July 18, 2013 at 6:31 PM ET
Dinosaurs with giant domes on their heads may have used their extra padding for head butting, new research suggests.
An analysis of pachycephalosaurid skulls revealed head wounds likely incurred during combat. The pattern of wounds, described July 16 in the journal PLOS ONE, suggest the dome-headed dinos butted heads, just as bighorn sheep do today.
"About 20 percent of the over 100 domes we looked at showed some kind of injury on the surface," said study co-author Joseph Peterson, a paleontologist at the University of Wisconsin Oshkosh. "Whether they were actually getting these injuries from head butting we can't know, but it definitely fits."
Throughout the animal kingdom, fighting among members of the same species is common. For instance, crocodiles often bite each other's faces when fighting over territory, and bighorn sheep lock horns when competing for mates. [Album: Animals' Amazing Headgear]
Fossil evidence suggests that other dinos had their squabbles as well. For instance, stegosaurus fossils often contain evidence of injuries to their tail spikes, probably from swipes at rivals. And Tyrannosaurs rex fossils were often found with bite marks attributable to other T. rex, Peterson said.
Pachycephalosaurs were small, plant-eating dinosaurs that roamed throughout the world during the Late Cretaceous Period. They varied in size, but they all had incredibly thick domes made of bone on the tops of their heads. [See the Dome-Headed Dinos]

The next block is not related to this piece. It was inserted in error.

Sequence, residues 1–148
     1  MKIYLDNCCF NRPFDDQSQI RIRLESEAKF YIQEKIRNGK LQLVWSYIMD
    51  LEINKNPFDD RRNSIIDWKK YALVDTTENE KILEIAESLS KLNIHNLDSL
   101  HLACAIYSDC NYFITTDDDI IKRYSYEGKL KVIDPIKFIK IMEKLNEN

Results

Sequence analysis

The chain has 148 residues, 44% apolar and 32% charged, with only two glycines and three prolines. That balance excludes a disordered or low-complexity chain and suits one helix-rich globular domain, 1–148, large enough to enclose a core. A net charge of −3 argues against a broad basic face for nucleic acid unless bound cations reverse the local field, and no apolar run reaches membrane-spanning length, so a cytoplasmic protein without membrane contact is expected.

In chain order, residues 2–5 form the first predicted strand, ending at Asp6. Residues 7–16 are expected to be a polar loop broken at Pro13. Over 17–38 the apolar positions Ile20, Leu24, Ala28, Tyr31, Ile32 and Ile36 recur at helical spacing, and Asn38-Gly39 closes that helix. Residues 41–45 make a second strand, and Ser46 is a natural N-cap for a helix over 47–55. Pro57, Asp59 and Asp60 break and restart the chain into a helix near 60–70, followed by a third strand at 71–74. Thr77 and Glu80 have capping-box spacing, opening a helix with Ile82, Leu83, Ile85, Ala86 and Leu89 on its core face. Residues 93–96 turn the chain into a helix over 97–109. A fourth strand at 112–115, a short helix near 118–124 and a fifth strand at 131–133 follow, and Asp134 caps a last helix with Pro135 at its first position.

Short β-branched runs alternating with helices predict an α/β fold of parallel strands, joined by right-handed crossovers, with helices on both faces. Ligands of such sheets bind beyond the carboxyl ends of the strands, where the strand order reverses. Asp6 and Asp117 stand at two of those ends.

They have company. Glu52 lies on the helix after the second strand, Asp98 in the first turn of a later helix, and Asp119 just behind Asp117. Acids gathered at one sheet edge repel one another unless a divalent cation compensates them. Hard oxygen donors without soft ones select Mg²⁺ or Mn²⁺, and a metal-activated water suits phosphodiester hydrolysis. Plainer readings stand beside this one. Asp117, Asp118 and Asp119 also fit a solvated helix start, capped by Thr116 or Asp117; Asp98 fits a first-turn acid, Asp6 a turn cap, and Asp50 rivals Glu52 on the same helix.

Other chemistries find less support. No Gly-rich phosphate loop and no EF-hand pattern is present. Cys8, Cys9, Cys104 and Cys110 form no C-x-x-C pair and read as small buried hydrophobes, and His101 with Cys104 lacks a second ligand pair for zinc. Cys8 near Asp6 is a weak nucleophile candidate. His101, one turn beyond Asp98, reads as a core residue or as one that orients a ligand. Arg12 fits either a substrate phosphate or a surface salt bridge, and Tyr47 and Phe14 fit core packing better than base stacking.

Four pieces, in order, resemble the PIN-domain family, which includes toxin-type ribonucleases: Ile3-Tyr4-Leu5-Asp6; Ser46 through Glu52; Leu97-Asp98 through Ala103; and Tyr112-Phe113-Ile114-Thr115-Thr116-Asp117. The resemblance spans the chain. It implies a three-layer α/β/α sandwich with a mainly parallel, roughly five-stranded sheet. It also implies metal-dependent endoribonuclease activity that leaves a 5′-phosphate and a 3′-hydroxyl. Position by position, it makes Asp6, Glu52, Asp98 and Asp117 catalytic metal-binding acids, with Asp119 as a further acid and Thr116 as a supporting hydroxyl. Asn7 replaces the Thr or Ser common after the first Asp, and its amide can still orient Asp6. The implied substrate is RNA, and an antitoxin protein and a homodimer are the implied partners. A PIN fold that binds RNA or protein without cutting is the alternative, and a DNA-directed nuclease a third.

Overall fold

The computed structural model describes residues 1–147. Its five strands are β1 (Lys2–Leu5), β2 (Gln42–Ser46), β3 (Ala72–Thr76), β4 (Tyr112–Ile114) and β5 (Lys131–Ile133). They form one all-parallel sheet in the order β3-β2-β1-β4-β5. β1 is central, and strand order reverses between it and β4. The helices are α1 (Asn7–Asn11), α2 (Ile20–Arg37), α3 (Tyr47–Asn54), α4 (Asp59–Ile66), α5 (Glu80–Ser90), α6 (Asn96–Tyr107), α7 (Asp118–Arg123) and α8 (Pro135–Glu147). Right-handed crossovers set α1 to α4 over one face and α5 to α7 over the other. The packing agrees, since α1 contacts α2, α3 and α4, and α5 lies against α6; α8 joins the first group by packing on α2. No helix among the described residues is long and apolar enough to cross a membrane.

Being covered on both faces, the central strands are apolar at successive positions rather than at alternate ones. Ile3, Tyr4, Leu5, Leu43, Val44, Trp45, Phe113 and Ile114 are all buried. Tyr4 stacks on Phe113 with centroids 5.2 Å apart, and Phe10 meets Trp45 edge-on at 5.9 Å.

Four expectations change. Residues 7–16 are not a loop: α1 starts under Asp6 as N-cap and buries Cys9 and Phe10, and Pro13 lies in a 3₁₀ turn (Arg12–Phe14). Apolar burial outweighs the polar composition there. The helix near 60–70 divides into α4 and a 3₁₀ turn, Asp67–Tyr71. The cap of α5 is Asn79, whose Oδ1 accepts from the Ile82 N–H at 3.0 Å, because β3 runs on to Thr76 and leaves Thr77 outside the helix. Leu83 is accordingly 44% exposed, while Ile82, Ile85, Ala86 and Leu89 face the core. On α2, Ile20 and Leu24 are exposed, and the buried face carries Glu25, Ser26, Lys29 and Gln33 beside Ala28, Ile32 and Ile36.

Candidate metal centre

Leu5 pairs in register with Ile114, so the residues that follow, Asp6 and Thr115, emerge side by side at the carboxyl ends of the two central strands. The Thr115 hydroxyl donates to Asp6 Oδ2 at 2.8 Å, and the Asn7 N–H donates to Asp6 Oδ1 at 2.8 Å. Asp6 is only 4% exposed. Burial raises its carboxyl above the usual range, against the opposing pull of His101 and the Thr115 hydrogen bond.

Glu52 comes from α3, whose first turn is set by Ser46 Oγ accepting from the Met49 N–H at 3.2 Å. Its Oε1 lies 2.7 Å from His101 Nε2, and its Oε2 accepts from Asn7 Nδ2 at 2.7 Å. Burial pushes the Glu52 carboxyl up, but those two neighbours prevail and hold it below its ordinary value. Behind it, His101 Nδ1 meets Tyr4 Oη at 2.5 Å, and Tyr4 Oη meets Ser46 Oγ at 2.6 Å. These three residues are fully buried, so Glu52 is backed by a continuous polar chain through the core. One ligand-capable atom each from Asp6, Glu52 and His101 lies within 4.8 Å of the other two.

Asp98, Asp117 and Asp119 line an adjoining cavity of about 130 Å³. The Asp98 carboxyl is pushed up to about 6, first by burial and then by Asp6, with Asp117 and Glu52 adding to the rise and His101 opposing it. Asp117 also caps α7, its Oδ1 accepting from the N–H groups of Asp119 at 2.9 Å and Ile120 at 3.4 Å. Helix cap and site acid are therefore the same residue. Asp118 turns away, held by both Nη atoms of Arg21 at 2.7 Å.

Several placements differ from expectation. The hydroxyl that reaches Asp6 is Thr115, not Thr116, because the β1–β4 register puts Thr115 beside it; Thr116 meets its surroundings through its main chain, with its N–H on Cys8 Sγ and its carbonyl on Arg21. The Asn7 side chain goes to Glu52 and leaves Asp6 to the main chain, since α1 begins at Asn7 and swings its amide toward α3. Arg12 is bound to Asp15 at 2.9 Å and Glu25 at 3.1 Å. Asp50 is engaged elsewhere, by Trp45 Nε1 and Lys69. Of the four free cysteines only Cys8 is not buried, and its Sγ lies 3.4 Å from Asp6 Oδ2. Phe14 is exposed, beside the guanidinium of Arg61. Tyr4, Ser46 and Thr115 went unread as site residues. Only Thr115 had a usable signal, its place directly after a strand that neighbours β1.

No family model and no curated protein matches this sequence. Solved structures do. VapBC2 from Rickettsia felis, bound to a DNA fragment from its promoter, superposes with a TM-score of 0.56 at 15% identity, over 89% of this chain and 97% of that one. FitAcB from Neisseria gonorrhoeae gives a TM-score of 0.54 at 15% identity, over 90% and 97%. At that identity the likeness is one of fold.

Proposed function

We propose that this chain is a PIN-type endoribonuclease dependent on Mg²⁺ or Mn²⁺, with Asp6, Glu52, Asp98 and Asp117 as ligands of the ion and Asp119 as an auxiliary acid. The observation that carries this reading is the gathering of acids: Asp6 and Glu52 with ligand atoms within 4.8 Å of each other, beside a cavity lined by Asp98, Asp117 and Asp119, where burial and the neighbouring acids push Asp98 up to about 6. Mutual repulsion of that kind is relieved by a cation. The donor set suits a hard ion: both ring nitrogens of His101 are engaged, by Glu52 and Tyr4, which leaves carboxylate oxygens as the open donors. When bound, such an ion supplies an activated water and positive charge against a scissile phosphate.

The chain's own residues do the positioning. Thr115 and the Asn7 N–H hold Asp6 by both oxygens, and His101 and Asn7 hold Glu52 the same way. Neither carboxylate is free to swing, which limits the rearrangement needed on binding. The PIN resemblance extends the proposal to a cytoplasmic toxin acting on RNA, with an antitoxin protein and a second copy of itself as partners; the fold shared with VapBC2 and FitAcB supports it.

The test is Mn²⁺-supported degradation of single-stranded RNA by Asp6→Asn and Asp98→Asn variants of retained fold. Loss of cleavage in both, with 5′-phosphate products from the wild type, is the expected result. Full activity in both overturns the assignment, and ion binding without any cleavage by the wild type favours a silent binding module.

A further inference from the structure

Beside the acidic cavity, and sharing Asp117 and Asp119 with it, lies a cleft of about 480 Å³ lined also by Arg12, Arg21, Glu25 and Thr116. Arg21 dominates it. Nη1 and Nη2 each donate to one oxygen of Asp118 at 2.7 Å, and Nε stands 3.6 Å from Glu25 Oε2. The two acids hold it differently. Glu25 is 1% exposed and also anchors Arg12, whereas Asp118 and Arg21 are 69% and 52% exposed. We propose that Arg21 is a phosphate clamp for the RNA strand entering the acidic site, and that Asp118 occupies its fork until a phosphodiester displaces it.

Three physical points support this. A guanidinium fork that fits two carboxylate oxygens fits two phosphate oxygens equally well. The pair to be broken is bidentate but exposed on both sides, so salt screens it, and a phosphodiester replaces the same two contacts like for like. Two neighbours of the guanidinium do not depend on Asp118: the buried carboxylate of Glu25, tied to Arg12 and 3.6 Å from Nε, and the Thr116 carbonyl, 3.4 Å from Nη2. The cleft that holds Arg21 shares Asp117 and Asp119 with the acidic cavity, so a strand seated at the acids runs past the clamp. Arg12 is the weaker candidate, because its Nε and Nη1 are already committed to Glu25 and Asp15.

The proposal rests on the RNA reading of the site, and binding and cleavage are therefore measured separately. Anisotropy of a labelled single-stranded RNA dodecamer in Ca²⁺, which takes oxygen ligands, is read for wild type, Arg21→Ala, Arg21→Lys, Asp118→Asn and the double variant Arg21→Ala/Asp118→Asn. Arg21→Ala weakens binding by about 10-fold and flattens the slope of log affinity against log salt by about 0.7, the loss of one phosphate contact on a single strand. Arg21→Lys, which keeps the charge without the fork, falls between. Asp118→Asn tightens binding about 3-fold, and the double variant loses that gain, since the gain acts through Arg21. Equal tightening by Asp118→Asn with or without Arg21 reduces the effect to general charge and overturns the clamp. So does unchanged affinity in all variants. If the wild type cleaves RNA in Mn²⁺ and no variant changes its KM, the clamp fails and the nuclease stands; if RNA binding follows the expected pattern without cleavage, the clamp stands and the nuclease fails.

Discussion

"Most had these big domes that are surrounded by a ring of spikes," Peterson told LiveScience. "Some of the domes can fit in the palm of your hand, and some are about the size of a bowling ball."
Anecdotally, paleontologists unearthed dinosaur fossils that often had damaged skulls and suspected combat was to blame, but proving such a behavior is particularly tricky.
To better understand these dinos' behavior, Peterson and his colleagues went to museums around the world to study the fossil remnants of the dome-headed dinos. The team analyzed skulls from more than 100 specimens.
Roughly 20 percent of them sustained wounds. In addition, the wounds were consistent with combat: Many of the domes had pits often caused by skin infections that spread to the bone, Peterson said. Head butts could break the surface of the skin, which would sometimes become infected.
The findings suggest that the pachycephalosaurs may have head butted each other with their massive domes, possibly to defend territory or attract mates.
Other scientists had proposed that the domes were used as a display to lure potential mates. But it's possible the domes served both purposes, Peterson said.
"If these structures really were used as weapons, sometimes animals would show the weapon off — first as a symbol of fitness — and sometimes, they would have to use them as well," Peterson said.
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